If you’re in that situation, stay in the car, and wait for help, unless the driver can safely back the car at least 10 metres away (the length of a bus) from the power lines. If you absolutely must leave the car (such as when the car’s on fire), you need to first remove any loose clothing, open the car door, tuck your elbows to your sides and place your hands to your chest, and jump clear of the car, taking care to not touch any part of the vehicle and the ground at the same time. Land with your feet touching each other. You then shuffle, heel to toe, until you are at least 10 metres away, always ensuring your feet are touching.

Even birds aren’t safe if a circuit is completed

A bird sitting casually on a power line is usually safe. But there are exceptions. If the bird touches another wire, or any part of the pole, it can cause a short circuit with disastrous results.

"I heard stories of African birds with big beaks sitting on adjacent lines and making the mistake of letting their beaks touch," Dunford said of one unexpected way that circuits can be completed. That's the same reason you won't see birds straddling two different lines.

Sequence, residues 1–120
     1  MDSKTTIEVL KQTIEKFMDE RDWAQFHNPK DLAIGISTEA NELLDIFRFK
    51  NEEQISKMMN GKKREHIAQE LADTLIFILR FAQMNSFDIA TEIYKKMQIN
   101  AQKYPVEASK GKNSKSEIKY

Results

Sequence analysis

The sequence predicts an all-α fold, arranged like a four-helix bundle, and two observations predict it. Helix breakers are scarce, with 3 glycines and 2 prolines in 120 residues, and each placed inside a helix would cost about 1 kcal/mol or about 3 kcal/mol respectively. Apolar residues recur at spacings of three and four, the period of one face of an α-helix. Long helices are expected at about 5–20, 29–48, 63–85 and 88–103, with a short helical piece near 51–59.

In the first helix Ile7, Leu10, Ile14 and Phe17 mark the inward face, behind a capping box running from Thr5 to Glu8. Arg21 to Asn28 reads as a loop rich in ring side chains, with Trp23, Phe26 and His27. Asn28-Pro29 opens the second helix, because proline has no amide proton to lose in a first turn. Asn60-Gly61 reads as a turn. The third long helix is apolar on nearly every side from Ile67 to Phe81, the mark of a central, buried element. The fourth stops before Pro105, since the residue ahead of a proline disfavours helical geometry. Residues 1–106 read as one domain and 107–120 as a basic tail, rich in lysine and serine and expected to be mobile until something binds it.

How a reindeer herd in Norway died during a lightning strike

Back in 2016, more than 300 reindeer were killed by a single lightning strike in Norway. A wired.com story on that incident – which includes a photo of some of the dead reindeer - did a deep dive into the science of how that happened.

The article explains that when current is flowing through the ground following an accident (or lightning strike), the step potential is the difference in voltage between the points contacting the ground; in this case, the reindeer's legs. Because the voltage at each "step" is different, it causes the current to continue flowing from one leg to the other. For these reindeer, this path caused the current to travel straight through their hearts, killing the poor creatures instantly.

"This situation is exactly why we remind people to shuffle with their feet together as they move away from the downed line – taking normal steps will cause a step potential, and result in electricity flowing through you, possibly causing harm," said Jonny Knowles, BC Hydro's public safety lead, after the incident in Norway. "Also, you can't be too sure how far the current has travelled from its point of origin, so it's best to continue shuffling and move at least 10 metres away from the fallen line."

Electrical safety resources and videos

Electrical Safety Day is on May 16 and we've prepared special activities for this annual safety initiative.

These interactive activities will engage students and spark discussion on how to handle a potential real-life scenario like coming across a broken pole and a power line on the ground.  They're only available until the end of May so get involved and check them out today.

The following resources also provide excellent electrical safety information, are curriculum-connected, and are available all year-round: